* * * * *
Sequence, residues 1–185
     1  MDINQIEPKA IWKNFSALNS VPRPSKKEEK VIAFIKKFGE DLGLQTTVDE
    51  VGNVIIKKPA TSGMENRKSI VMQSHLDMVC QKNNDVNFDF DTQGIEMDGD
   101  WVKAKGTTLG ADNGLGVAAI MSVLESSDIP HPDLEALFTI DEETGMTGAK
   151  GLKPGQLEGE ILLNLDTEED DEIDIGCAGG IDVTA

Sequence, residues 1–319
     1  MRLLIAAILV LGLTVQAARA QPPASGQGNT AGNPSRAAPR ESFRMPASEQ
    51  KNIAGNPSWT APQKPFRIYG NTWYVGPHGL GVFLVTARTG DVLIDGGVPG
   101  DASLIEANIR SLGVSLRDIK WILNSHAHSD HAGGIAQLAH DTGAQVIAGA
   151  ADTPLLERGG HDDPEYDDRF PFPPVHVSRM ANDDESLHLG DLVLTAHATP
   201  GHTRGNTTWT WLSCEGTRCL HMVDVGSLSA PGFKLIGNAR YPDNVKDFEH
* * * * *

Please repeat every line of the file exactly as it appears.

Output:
Sequence, residues 1–185
     1  MDINQIEPKA IWKNFSALNS VPRPSKKEEK VIAFIKKFGE DLGLQTTVDE
    51  VGNVIIKKPA TSGMENRKSI VMQSHLDMVC QKNNDVNFDF DTQGIEMDGD
   101  WVKAKGTTLG ADNGLGVAAI MSVLESSDIP HPDLEALFTI DEETGMTGAK
   151  GLKPGQLEGE ILLNLDTEED DEIDIGCAGG IDVTA

Sequence, residues 1–319
     1  MRLLIAAILV LGLTVQAARA QPPASGQGNT AGNPSRAAPR ESFRMPASEQ
    51  KNIAGNPSWT APQKPFRIYG NTWYVGPHGL GVFLVTARTG DVLIDGGVPG
   101  DASLIEANIR SLGVSLRDIK WILNSHAHSD HAGGIAQLAH DTGAQVIAGA
   151  ADTPLLERGG HDDPEYDDRF PFPPVHVSRM ANDDESLHLG DLVLTAHATP
   201  GHTRGNTTWT WLSCEGTRCL HMVDVGSLSA PGFKLIGNAR YPDNVKDFEH